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National Parks in Limon

Tortuguero National Park

Tortuguero National Park is one of the main tourist icons of Costa Rica’s Caribbean coast because it is internationally recognized for protecting the most important green turtles nesting beach in the Western Hemisphere. 

It is located far from the city, and it is formed by an extensive network of rivers and canals, therefore access to it is only possible through small boats. 

Tortuguero National Park is a paradise for research and ecotourism.

La Amistad International Park

La Amistad International Park is one of a kind in Central America, it is considered the first Binational Biosphere Reserve in the world due to its shared location between Panama and Costa Rica. It displays signs of repeated glaciations, and its geological confinement has prompted remarkable territory diversity in the park. 

La Amistad International Park contains Chirripo, which is the highest hill in Costa Rica. 

The different trails showcase the typical fauna and flora of a cloud forest and allows visitors to see an indigenous cemetery, and it also has a bird observatory.

Cahuita National Park

Cahuita National Park protects the best preserved coral reef in the Costa Rican Caribbean coast. It contains various marine ecosystems and all the flora and fauna of a very humid tropical forest. 

Beautiful white sand beaches, an abundant marine life and a turquoise sea promise to impress its visitors. 

What most tourists enjoy about this park is how both the jungle and the beach can be enjoyed in one place.


National Parks in San Jose

Braulio Carrillo National Park

Braulio Carrillo National Park

Braulio Carrillo National Park is one of the largest protected areas in Costa Rica with 50,000 hectares. 

This park is home to half of the plant species in the country. It has high mountains covered with dense and exuberant forests, as well as innumerable rivers forming beautiful waterfalls. Within the park there are 2 dormant volcanoes: the Barva and the Cacho Negro. 

As in all national parks in Costa Rica, the trails allow visitors to enjoy the unique sounds emitted by large numbers of native birds and be delighted by the magic mother nature offers.


National Parks in Cartago

Irazu Volcano National Park

The Volcan Irazu National Park contains the highest volcano in Costa Rica. Although the weather is usually cloudy, on clear days it allows its visitors to enjoy both the Pacific and Atlantic Oceans, a large part of the national territory, and, with a telescope, even Lake Nicaragua.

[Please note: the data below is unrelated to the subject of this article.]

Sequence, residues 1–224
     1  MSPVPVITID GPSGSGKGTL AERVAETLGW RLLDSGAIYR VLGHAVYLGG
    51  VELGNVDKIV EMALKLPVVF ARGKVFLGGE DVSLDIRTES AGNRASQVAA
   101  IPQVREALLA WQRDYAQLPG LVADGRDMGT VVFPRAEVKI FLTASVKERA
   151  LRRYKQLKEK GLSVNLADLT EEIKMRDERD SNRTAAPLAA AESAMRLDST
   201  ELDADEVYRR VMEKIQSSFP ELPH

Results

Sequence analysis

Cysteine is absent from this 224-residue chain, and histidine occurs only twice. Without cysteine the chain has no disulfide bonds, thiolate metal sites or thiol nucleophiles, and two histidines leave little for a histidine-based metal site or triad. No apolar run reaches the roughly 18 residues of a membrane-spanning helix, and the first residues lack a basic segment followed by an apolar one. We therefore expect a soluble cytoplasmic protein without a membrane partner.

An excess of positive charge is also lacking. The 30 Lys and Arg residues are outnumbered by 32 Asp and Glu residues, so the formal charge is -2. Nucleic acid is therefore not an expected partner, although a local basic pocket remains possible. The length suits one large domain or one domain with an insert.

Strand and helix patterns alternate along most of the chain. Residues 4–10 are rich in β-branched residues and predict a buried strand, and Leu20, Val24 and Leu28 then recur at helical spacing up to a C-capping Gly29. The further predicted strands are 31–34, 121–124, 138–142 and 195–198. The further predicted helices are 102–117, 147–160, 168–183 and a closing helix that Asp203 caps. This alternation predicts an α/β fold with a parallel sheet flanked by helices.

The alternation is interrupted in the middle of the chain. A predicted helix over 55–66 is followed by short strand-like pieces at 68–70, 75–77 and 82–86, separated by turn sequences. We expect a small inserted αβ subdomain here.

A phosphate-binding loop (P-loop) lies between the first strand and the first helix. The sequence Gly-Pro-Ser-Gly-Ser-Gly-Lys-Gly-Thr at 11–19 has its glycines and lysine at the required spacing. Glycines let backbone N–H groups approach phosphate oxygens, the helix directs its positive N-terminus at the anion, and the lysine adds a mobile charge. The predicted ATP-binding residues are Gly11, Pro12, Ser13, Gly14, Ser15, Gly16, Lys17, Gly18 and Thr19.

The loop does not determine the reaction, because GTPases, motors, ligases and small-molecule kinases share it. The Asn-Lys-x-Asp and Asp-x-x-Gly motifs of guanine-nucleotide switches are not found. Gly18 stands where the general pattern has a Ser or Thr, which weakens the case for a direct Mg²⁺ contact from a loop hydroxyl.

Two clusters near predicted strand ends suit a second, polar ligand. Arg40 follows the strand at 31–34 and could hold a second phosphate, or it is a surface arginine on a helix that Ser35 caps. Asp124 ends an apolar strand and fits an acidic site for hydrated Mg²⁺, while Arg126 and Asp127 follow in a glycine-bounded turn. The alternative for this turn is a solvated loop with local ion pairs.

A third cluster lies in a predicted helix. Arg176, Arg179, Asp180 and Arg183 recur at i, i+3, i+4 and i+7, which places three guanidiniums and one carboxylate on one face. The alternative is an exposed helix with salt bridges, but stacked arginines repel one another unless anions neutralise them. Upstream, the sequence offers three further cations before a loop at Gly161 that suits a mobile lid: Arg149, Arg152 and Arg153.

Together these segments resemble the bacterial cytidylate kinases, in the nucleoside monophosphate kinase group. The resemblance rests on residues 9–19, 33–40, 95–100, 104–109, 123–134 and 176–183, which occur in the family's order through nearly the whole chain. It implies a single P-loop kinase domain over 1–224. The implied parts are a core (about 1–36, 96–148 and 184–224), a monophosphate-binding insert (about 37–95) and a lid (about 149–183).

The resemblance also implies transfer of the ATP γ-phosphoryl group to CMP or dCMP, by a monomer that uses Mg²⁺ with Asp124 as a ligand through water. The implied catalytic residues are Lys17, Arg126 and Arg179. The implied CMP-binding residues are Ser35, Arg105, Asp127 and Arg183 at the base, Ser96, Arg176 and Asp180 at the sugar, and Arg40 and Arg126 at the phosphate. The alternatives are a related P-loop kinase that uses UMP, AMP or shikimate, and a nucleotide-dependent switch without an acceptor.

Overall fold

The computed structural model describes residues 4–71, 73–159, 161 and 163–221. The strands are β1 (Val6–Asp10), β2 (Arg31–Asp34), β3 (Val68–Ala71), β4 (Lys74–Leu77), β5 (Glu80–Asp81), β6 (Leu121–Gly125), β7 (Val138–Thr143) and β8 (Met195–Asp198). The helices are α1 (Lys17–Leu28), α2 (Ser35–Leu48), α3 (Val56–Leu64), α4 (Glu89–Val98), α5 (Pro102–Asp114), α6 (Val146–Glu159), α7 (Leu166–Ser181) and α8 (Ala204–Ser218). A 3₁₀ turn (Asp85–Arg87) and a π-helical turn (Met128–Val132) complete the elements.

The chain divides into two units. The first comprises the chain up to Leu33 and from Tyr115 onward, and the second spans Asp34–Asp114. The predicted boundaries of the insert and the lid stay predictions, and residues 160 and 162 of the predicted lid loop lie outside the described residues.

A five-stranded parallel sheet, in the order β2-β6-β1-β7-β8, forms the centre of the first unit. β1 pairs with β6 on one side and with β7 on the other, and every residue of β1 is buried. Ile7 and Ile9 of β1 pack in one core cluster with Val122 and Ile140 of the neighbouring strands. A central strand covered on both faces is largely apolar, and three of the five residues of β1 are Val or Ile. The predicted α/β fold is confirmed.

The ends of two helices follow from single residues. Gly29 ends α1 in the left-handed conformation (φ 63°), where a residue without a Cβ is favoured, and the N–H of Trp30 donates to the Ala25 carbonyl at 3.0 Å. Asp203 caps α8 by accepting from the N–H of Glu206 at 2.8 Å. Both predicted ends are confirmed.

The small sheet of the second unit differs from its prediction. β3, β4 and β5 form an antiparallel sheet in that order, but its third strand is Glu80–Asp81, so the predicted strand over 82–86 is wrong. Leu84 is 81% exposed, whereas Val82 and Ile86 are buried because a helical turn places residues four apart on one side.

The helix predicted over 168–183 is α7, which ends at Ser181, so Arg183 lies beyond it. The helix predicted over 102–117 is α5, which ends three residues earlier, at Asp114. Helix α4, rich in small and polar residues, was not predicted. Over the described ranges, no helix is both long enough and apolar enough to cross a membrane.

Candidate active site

The park represents an area of ​​great hydrological importance since several rivers are born from it that feed the basins of rivers that are very relevant in Costa Rica, such as the Chirripó River, Reventazón River, Sarapiquí River and Grande de Tárcoles River.

Most Famous National Park in Costa Rica

The most famous national park in Costa Rica is Manuel Antonio National Park.

Best National Park in Costa Rica

The best national park in Costa Rica is Corcovado, famous for being one of the most biodiverse places on earth.

Enjoying nature to the fullest is a luxury that visitors to Costa Rica’s national parks can have. The sustainable ecotourism that this country has, allows a magical experience and full enjoyment of a diversity of natural wonders where the most amazing and rich flora and fauna converge.

Related Articles:

5 Day Trips to National Parks in Guanacaste

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Choose Your Next Adventure

Costa Rica is the perfect opportunity for thrill-seekers and nature lovers alike to explore the beauty and diversity of this tropical paradise. From white sandy beaches to lush rainforests, Costa Rica is home to a wide range of breathtaking landscapes and activities. Whether you want to zipline through the canopy, surf the waves, or relax in a luxury eco-lodge, there is something for everyone in Costa Rica.

Other Attractions

After you have visited volcanoes and national parks you may want to observe (or cool off in) some of the many beautiful waterfalls while in Costa Rica. Be sure to view our full list of things to do in Costa Rica to ensure you’re experiencing all of the main attractions while on your vacation.


Frequently Asked Questions

Costa Rica has safeguarded about 28% of its territory for natural parks and natural reserves.

There are 30 national parks in Costa Rica.

National parks are not free in Costa Rica as the entrance fee is mostly used to maintain the parks. The only day entrance is free is August 24th, as it is Costa Rica National Park Day.